As Inflation Rises, Gift Cards Lose Value

Like most Americans, you probably have a long-unused gift card lying around somewhere, half-forgotten. In fact, more than half of Americans have unused gift cards totaling an average of $116 per person, according to a Survey 2021 by personal finance website Bankrate.

If you need a reason to finally spend it, consider rising inflation, which has reduced the value of your gift card by about 13% since 2019, according to CNBC calculations using US Bureau of Labor Statistics Consumer Price Index (CPI) data.

A $100 gift card issued in May 2019 would only retain $87.61 of its purchasing power if redeemed in May 2022, the month with the most recent CPI data.

However, it should be noted that some items were more affected by inflation than others. The 13% difference is based on a weighted average of CPI index as a whole, so price changes on individual items will vary. For instance, from Maytableware prices rose 6.1% over the past year, while men’s suits and coats rose 22.3% over the same period.

But with inflation at 8.6% year over year since last June, one thing is clear: inflation is eating away at the purchasing power of your gift card and will continue to do so until you used what was left. Retailers will likely be continue to raise prices waiting.

Another reason to use unused gift cards: some may expire or incur inactivity fees after 12 months of non-use.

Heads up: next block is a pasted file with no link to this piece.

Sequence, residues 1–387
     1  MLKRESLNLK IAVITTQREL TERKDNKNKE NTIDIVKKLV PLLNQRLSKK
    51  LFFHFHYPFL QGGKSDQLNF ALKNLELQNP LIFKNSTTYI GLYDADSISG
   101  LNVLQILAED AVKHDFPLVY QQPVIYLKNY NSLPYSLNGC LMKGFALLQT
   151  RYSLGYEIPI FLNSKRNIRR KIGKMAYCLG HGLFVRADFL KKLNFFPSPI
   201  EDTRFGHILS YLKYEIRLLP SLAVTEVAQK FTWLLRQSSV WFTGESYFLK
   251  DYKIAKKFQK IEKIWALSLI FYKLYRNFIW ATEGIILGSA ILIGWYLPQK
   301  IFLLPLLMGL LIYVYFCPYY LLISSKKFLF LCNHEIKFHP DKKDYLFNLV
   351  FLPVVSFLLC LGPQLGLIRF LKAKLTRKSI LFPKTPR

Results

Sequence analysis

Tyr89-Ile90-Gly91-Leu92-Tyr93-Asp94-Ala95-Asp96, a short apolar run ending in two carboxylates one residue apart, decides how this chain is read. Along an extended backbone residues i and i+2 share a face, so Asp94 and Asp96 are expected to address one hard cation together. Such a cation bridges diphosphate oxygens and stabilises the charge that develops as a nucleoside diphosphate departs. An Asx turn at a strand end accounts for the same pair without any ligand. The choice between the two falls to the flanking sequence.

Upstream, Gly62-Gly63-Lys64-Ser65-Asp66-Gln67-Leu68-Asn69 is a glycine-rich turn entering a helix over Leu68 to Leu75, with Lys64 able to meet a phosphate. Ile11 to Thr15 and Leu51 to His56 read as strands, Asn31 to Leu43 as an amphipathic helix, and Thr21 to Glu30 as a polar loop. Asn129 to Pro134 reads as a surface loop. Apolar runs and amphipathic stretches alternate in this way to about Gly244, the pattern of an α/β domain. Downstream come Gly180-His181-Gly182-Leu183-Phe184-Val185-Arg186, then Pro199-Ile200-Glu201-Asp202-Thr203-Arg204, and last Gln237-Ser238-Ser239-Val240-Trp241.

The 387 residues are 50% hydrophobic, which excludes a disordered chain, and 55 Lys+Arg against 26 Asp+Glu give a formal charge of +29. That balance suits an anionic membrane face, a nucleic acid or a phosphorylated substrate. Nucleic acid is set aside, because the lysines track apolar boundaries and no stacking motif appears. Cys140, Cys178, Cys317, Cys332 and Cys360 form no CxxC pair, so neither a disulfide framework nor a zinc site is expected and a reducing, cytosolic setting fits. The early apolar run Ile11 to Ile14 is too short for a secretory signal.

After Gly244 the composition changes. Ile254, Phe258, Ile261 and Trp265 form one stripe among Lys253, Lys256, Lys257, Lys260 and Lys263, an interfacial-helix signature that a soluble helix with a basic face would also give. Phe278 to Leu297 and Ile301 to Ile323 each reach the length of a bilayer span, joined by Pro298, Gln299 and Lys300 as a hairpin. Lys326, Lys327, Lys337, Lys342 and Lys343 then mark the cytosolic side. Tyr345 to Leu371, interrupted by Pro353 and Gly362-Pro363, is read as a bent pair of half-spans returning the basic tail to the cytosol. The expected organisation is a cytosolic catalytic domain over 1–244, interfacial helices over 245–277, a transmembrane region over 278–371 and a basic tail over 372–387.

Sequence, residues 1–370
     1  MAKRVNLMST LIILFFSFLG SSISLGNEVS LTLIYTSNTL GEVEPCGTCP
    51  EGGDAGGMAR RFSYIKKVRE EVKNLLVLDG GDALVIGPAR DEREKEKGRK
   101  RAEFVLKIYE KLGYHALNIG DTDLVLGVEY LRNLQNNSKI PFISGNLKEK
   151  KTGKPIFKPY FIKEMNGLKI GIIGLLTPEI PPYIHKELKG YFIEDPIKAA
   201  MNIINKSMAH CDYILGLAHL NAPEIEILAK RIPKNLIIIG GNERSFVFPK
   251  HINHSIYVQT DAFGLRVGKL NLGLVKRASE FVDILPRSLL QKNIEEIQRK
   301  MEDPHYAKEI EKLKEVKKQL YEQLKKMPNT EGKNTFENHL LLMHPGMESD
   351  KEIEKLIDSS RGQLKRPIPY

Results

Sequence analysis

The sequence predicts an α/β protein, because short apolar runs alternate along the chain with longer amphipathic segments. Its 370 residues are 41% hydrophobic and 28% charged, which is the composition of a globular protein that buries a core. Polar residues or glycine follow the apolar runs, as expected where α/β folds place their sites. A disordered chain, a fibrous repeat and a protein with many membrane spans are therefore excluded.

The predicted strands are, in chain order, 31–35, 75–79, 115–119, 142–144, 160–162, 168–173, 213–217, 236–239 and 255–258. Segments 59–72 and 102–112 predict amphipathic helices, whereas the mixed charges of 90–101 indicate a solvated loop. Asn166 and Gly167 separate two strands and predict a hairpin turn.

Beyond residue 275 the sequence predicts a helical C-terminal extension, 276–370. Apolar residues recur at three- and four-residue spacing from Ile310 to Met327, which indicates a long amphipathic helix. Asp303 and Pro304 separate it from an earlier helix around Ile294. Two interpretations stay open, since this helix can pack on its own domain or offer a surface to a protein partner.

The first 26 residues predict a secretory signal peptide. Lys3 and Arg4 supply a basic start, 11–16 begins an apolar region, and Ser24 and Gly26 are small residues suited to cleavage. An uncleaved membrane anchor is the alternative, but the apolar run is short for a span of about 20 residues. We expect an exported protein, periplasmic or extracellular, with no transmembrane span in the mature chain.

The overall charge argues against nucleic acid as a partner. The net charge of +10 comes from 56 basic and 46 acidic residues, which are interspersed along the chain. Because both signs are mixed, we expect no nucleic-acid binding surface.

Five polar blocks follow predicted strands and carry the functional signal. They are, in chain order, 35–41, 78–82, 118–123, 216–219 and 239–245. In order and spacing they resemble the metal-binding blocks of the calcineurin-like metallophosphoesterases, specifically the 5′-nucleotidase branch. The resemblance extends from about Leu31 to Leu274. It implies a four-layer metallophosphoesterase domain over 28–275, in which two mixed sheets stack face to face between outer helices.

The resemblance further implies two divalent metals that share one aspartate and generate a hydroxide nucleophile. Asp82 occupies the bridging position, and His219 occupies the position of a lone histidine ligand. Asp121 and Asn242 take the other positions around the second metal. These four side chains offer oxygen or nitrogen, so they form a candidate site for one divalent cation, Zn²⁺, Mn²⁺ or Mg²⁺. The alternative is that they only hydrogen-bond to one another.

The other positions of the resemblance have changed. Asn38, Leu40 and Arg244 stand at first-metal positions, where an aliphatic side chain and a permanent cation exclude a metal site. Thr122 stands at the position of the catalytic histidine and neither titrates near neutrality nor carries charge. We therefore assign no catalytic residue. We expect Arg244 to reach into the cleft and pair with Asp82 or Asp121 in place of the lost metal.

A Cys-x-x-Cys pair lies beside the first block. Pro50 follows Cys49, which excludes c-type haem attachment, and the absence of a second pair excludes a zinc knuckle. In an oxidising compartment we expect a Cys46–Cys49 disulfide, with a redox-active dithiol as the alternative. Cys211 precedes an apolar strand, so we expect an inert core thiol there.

Gift card expiration rules and inactivity fees vary by state. To learn more about the rules in your state, the National Conference of State Legislatures has a useful search tool.

How to dispose of your gift cards

The first step to redeeming your gift cards is knowing what you have. With most cards, you can check the remaining balance using a toll-free phone number or website printed on the card.

To keep track of verified balances, write them on the front of each card using a black marker. Then all that remains is to shop, in-store or online, depending on the retailer.

However, it’s not always easy to spend gift cards at retailers that don’t offer anything you want to buy. In this case, you can try to sell your gift cards on reseller sites such as CardCash.com Where ClipKard.com.

Keep in mind that you won’t be able to sell these cards for their full value. Wanted cards like Walmart can be sold for up to 90% of their value, while more specialized cards, such as a Subway restaurant gift card, will be sold for almost 60% of their value. It may not be worth selling unless you don’t use the card and can use the money.

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Michael N. Clark